he believed had supported Charette's appointment.
That same year, certain Chicopee Police Officers responding
to a murder scene took pictures of the victim's body and
shared them with one another and with civilians outside the
police department in violation of department regulations. At
the time, Defendant Jebb was the Internal Affairs
Investigative Officer tasked with investigating this
incident. Jebb concluded that only one officer was
responsible for the improper conduct, and he failed to
recommend, in [Gilbert]'s view, a sufficiently stringent
At some point in the 2012-2013 time frame, the investigation
into the murder scene misconduct by Chicopee Police Officers
resumed. This time the inquiry included an incident where
photographs of the murder victim's corpse were allegedly
displayed to civilians outside the police department at a
In May 2013, Jebb was relieved of his duties with Internal
Affairs, and he himself became a target of an investigation
into his conduct as the Internal Affairs Investigative
Officer. This second investigation focused, in part, on
allegations that Jebb failed to look into sexual harassment
charges against several officers. It also looked into whether
Jebb had properly investigated the officers who had
distributed the gruesome photographs from the murder scene.
Jebb had made an unsuccessful bid for the office of President
of the Police Union in 2013, and the complaint refers to an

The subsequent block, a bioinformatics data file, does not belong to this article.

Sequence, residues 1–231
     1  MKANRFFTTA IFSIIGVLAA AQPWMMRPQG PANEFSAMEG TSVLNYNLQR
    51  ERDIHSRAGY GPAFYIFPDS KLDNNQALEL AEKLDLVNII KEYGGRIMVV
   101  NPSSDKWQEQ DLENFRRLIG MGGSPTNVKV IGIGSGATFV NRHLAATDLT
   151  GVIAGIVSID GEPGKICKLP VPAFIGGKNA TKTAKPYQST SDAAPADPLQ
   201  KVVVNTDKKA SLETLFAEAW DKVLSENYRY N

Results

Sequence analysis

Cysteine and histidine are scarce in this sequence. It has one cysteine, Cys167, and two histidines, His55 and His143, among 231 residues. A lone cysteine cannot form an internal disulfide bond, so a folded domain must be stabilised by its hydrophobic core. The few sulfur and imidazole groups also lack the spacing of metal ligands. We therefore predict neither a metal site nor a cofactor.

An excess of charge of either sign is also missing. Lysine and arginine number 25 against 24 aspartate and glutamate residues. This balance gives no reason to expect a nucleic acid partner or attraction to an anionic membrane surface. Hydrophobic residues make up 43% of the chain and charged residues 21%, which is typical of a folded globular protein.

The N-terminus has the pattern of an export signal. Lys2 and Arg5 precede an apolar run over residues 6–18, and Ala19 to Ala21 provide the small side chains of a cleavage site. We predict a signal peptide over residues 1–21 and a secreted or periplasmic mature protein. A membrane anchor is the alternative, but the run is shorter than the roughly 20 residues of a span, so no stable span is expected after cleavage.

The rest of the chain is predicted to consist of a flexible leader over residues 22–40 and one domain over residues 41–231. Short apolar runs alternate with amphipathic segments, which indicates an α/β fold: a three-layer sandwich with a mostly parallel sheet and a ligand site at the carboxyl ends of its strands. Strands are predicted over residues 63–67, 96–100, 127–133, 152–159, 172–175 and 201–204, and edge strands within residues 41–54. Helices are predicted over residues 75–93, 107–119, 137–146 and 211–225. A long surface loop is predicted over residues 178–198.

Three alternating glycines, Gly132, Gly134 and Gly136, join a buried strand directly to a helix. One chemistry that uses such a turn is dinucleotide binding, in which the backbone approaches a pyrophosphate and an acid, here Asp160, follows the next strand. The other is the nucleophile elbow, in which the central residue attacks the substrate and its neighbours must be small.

allegation that he improperly numbered the ballots in that
election in order to be able to identify which officers
supported him and which supported his opponent, Sgt. Dan
Major. Finally,  Jebb was also accused of hiding evidence
to thwart an internal investigation into allegations that
Sgt. Major had choked a prisoner.3
3"[Gilbert]'s complaint implies that these charges
formed part of the investigation(s) then pending against Jebb
and not merely allegations on [Gilbert]'s part offered in
this litigation. (Dkt. No. 72 at 3-4). Although the complaint
is ambiguous on this point,  Jebb and Kos's Memoranda
in support of their Motions to Dismiss clarify the context to
some extent. Jebb's Memorandum notes that [Gilbert] made
"written statements and testimony . . . to a government
investigator relating to Jebb's alleged mishandling of
ballots." (Dkt. No. 28 at 1). Kos's Memorandum
observes that [Gilbert], "as a police captain and
internal affairs investigator had investigated Chief
Jebb's removal of evidence from the booking room."
[Gilbert] had been the investigating officer for the Major
investigation, and he had recommended no discipline be taken
against Sgt. Major . . . . [Gilbert] characterizes his
participation in the ongoing investigations to include
"provid[ing] information and participat[ing] in activity
which focused on Police Chief William Jebb's conduct and
practices of implementing less than proper discipline towards
his friends and retaliating against those he was not friends
with; and those who did not vote for him to be the Union
President." (Dkt. No. 67-2 at 1).
In July 2013, then-Acting Police Chief Charette asked
[Gilbert] to draft and file a written incident report about
the episode six years earlier when  Pronovost had
threatened [Gilbert] with his gun. [Gilbert] did so. The
report was technically late, in violation of Department
policy, but Charette did not discipline [Gilbert], as
[Gilbert] had verbally ...